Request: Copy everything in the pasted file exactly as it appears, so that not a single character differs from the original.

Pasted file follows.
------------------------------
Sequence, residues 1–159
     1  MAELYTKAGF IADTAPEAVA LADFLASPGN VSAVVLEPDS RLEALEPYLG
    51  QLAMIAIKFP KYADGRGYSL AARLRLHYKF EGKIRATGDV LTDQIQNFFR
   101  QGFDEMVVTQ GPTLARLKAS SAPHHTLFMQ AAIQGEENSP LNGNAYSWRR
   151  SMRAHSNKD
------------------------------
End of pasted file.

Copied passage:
Sequence, residues 1–159
     1  MAELYTKAGF IADTAPEAVA LADFLASPGN VSAVVLEPDS RLEALEPYLG
    51  QLAMIAIKFP KYADGRGYSL AARLRLHYKF EGKIRATGDV LTDQIQNFFR
   101  QGFDEMVVTQ GPTLARLKAS SAPHHTLFMQ AAIQGEENSP LNGNAYSWRR
   151  SMRAHSNKD